Model proper dental care. Even so, it's still a good idea to guide them toward performing oral hygiene tasks without assistance, according to their abilities. This could be a long road, though, one that requires your active participation. You can ease this process by continuously modeling good dental care behavior for them through brushing and flossing together.
See an understanding dentist. Although caring for a special needs child can be isolating, you don't have to go at it alone. That includes taking care of their teeth and gums: A dentist who has both training and experience in treating children with chronic health conditions can become an important partner in your efforts to fight tooth decay.
Communicate between all care providers. Likewise, having everyone involved in your child's care on the same page can make decay prevention a much easier process. Be sure then to share your concerns about your child's needs, including dental care, with attending physicians, therapists and, of course, dentists.
If you would like more information on dental care for special needs children, please contact us or schedule an appointment for a consultation. You can also learn more about this topic by reading the Dear Doctor magazine article “Managing Tooth Decay in Children With Chronic Diseases.”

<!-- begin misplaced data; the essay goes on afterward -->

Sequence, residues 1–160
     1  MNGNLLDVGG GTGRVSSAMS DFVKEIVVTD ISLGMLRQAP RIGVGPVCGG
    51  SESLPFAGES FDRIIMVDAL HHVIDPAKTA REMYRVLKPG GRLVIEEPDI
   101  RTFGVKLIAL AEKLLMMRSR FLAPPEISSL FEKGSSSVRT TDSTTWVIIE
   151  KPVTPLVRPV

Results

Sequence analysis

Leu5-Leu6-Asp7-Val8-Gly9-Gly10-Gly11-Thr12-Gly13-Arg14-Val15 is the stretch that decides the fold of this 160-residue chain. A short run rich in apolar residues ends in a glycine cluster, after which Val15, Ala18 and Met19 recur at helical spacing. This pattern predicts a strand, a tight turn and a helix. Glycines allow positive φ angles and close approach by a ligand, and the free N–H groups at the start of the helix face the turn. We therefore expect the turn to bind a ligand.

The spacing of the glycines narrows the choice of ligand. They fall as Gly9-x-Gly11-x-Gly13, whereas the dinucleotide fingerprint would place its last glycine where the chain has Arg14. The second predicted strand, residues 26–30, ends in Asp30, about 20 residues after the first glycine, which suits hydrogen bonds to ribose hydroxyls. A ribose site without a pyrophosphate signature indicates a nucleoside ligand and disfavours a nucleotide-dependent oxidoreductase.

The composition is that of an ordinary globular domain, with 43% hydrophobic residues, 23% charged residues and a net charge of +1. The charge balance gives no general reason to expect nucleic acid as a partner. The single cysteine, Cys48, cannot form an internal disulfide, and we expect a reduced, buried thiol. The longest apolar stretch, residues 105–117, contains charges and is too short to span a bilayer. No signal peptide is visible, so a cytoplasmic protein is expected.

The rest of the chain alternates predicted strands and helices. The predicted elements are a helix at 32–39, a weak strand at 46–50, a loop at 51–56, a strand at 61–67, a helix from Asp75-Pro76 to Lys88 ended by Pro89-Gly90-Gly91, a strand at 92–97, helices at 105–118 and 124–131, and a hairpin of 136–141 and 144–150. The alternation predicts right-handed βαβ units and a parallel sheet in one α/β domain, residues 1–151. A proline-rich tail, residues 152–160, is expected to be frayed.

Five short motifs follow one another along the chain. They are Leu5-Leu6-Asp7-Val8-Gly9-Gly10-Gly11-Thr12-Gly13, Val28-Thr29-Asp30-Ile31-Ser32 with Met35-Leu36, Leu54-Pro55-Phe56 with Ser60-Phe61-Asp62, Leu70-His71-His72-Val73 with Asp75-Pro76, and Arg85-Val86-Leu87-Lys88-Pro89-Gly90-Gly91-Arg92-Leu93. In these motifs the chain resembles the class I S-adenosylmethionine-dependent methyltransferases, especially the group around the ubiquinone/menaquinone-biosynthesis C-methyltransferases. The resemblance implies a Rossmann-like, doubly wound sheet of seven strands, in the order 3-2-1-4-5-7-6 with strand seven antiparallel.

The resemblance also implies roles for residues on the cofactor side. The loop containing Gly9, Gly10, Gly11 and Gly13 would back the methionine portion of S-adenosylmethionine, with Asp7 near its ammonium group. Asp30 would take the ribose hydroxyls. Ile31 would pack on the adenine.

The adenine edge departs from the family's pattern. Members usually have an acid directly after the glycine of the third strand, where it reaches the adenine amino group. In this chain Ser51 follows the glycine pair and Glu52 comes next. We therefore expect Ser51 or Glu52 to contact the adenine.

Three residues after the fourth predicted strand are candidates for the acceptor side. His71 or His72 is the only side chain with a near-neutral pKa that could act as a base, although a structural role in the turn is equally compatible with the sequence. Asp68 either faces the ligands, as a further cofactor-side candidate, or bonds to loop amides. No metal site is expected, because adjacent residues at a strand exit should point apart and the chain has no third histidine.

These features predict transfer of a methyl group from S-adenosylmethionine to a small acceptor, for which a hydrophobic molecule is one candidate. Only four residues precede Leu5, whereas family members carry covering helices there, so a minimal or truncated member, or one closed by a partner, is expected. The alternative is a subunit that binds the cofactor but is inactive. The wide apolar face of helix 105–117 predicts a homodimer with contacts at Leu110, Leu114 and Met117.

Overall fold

Although Santa Claus has Christmas and the Easter Bunny has Easter, neither of these mythical characters has a day just for them (unless you count the Feast of Saint Nicholas in early December). Not so the Tooth Fairy: According to NationalToday.com, August 22nd is National Tooth Fairy Day, in celebration of this favorite sprite of children.
And, there's good reason for the love—he (or she, if you prefer) comes bearing gifts. Well, not technically a gift: the deal is a tooth in exchange for a treat. Now, what the Tooth Fairy does with all the millions of teeth obtained, no one knows. But that he/she has a huge potential supply is undeniable.
The teeth sought are a specific kind—primary ("baby") teeth that start showing up on the jaw a few months after birth and then gradually fall out by adolescence. Kids have around twenty of these teeth for the potential under-the-pillow exchange.
Here's how it happens: The roots slowly begin to dissolve and the gum tissues holding the tooth in place detach. The sure sign this is occurring is the tooth's noticeable looseness. The process continues naturally, and with no help from us, until the tooth falls out.
But children especially can grow impatient—a wiggly tooth becomes annoying, not to mention all that "earning potential" just hanging there. And so, there's an understandable urge to help it along. But some methods for doing so are problematic—tying a string to the tooth and yanking, for example. Trying to remove a tooth not quite ready can result in excessive bleeding or damage to the tooth socket.
Depending on a tooth's degree of looseness, there is a way to take it out safely. You can do this by draping a piece of gauze pad over the tooth and grasping it firmly between your fingers. Then, gently give the tooth a gentle downward pinch or squeeze. If it's loose enough, it should come out. If not, simply wait another day or two and try again.